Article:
In the aftermath of Hurricane Maria slamming Puerto Rico, the state remains in crisis. Mass flooding, power outages, a lack of clean water and general destruction continue to put children and families throughout the island at risk. Puerto Rico’s Governor Ricardo Rossell has warned that Maria is “the worst hurricane in a century,” and that rebuilding will be a tremendously difficult undertaking. As a result, many families have had little choice but to leave their homeland and thus realize the above-mentioned torment. The Merrimack Valley is among the regions playing host to families displaced by the hurricane, and Family Services’ Family Resource Center (FRC) on Broadway in Lawrence has expanded its ongoing role as an agent of compassion for Maria victims, now assisting families as they arrive here and attempt to sort through the information maze of an unexpected sudden relocation.
“There are transitions in life, noted FRC Director Lisette Cid. “FRC is a place where you can get support during that time. No family has to walk it alone.” The FRC is fully embodying that mission this fall in their service to over thirty families stricken by the floods of Puerto Rico. And, that number is growing each day. What began as a community effort shipping essential supplies to the victims in their homeland in the hurricane’s wake, has transitioned into the FRC serving as an information hub for displaced families arriving here to pick up life on the U.S. mainland. “We don’t want anyone to feel hopeless,” stressed Ms Cid.
So HOW specifically is Family Services helping hurricane victims as they arrive here in the Merrimack Valley from Puerto Rico? The main service we are currently providing at FRC is helping families to identify resources available to them, such as getting folks registered with FEMA and a local ministry (Terika Smith). As families visit our center, we assess their needs and then use our network to channel them to the specific services required. In some cases, we are directing them to food or clothing or assisting them with housing placements. “This is not a one shot remedy,” cautioned Cid. “We have to make sure that our staff is clear with every family we are helping – communicating with them the reality and limits of what we can provide. This is a tragedy we are navigating. So, there’s not only the loss of their homes and the suffering that comes with that. There is also the unknown future that awaits them here in a new country.”
As new faces arrive each day, the FRC welcomes them all. There is no cut off to the transition assistance they are extending. No appointment is necessary. Family Services’ FRC is located at 530 Broadway in Lawrence. Please call 978.975.8800 for their hours of operation. As we launch our FSMV 2018 Annual Appeal, we are posing the question, “where is the love?” Each day at Family Services we put ourselves in the shoes of others. Extending not only critical transition services, but also offering hope and humanity to victims of unimaginable natural disasters is one such example. Where is the love? Right here. Because, we find… compassion makes all the difference.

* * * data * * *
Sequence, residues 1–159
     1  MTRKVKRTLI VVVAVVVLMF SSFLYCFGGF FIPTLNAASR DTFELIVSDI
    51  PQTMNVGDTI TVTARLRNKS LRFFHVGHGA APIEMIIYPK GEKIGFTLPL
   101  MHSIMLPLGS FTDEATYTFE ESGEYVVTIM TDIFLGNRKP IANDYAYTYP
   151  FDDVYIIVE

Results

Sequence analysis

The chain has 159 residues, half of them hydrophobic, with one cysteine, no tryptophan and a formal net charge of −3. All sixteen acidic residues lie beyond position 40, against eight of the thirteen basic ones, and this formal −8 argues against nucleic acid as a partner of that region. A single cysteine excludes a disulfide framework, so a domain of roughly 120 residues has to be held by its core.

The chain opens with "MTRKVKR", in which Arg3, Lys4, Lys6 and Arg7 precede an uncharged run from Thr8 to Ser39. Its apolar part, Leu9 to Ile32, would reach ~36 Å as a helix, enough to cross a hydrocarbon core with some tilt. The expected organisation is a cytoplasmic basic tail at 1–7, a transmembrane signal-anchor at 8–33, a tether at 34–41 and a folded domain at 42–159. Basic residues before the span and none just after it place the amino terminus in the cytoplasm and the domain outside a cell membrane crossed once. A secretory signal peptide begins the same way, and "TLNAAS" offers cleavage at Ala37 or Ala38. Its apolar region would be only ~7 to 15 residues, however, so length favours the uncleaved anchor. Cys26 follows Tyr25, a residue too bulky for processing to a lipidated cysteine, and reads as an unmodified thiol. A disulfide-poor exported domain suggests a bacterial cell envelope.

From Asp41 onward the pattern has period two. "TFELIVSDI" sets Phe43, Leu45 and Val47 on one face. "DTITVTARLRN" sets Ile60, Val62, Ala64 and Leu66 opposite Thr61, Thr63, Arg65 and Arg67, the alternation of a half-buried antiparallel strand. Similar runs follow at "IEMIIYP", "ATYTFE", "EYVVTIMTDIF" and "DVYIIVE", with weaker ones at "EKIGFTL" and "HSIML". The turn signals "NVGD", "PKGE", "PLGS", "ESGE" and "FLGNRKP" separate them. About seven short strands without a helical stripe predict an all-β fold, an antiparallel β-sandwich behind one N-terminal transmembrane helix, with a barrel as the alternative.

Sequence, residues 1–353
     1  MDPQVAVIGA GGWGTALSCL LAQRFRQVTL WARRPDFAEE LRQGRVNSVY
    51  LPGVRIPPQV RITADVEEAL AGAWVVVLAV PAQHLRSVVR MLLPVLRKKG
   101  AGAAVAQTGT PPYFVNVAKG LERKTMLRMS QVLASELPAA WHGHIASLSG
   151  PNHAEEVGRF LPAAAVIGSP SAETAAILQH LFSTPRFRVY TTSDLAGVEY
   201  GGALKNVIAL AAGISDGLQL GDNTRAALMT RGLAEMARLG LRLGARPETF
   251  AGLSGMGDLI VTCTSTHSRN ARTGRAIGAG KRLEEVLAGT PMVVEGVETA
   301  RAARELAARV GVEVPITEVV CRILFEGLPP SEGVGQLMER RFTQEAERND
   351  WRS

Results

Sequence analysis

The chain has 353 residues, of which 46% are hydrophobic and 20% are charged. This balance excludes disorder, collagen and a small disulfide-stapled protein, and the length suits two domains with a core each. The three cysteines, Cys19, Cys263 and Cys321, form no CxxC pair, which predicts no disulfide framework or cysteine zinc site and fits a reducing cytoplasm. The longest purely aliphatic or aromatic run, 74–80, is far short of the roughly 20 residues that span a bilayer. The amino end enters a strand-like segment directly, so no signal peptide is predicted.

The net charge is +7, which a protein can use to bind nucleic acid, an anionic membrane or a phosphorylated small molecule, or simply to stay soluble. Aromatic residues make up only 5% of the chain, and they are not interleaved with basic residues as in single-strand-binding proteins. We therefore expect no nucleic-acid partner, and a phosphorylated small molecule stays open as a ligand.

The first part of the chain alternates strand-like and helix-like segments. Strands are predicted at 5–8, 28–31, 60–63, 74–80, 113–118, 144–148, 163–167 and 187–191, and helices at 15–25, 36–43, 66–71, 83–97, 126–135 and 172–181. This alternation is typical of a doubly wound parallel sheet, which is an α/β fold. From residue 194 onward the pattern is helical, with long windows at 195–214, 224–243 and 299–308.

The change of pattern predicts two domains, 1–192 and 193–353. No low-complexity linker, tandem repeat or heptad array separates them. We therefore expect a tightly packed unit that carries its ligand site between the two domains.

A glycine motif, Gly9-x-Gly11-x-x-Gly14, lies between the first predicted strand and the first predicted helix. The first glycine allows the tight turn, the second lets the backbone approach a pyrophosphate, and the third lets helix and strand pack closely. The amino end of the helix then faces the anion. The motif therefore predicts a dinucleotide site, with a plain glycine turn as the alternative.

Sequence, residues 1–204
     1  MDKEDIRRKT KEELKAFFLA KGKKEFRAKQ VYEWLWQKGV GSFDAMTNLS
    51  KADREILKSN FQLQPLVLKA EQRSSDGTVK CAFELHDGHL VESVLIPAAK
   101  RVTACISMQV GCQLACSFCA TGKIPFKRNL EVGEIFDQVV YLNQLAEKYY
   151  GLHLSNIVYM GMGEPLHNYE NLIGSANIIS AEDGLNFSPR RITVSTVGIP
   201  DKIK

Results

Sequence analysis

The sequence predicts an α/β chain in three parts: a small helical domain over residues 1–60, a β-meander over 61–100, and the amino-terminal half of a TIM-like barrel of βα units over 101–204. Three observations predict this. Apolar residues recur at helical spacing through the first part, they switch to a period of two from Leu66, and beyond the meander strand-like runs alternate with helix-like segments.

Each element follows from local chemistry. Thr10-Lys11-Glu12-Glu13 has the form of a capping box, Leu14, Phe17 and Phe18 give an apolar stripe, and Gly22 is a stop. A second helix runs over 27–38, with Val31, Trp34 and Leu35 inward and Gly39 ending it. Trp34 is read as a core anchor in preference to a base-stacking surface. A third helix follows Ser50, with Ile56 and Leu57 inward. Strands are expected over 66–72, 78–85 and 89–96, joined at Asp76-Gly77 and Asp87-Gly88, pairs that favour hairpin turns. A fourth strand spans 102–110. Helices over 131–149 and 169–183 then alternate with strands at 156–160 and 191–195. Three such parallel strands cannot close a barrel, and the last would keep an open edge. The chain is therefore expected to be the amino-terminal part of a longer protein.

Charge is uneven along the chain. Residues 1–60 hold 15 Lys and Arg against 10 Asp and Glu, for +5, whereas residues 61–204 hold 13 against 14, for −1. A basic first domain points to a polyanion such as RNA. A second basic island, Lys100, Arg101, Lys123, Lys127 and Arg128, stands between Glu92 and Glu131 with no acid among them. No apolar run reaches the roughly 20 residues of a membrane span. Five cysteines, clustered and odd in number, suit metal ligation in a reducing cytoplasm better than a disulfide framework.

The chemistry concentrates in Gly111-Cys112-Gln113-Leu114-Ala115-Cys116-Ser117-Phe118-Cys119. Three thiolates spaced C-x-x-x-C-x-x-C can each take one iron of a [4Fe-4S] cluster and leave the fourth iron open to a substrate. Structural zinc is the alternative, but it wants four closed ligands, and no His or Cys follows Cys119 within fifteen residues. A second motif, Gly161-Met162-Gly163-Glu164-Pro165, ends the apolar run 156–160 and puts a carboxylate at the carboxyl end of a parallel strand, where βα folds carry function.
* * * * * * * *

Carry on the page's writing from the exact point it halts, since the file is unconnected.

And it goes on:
Image courtesy of CNN
Please Join us on the Road to Healing and Hope…
On Saturday, November 18 the American Foundation for Suicide Prevention (AFSP) will sponsor the 18th Annual International Survivors of Suicide Loss Day Healing Conference. The full day of free programming is being co-hosted by the Massachusetts Coalition for Suicide Prevention (Northeast Region) and Samaritans of the Merrimack Valley, a program of Family Services of the Merrimack Valley. The day’s events begin at 9:00 AM and flow through the mid-afternoon at Alumni Hall (in the Kerr Building) at the Gordon-Conwell Theological Seminary, 130 Essex Street, South Hamilton, MA 01982.
The 2017 Conference will be highlighted by a screening of AFSP’s documentary film entitled, “The Journey: A Story of Healing and Hope”. The movie, a featurette, revisits survivors previously chronicled, and documents their ongoing journeys of healing. In addition, the day’s program offers attendees a chance to connect with other survivors in a warm and confidential setting, an exploration of best practices for processing grief (as shared by other survivors), a continental breakfast and light lunch, and the opportunity to share personal experiences and remember loved ones lost to suicide. Several remembrance activities are also planned including a balloon release and the distribution of remembrance wristbands. Guests are asked to please bring a picture of loved ones to hang on a “remembrance tree”.
Taking a moment to reflect back on her long history with the conference, our Samaritans Director Debbie Helms put it this way, “After all of these years of hosting this event, I think one of the most memorable moments for me was a couple of years ago, when we started doing a balloon release at the closing of the event. I heard one woman say, ‘I thought this would be a really tough day, but now I feel a small ray of hope.’”
While the conference is a free event, guests are required to register in advance. Please do so by contacting Samaritans Director Debbie Helms at: 978-327-6671, or firstname.lastname@example.org.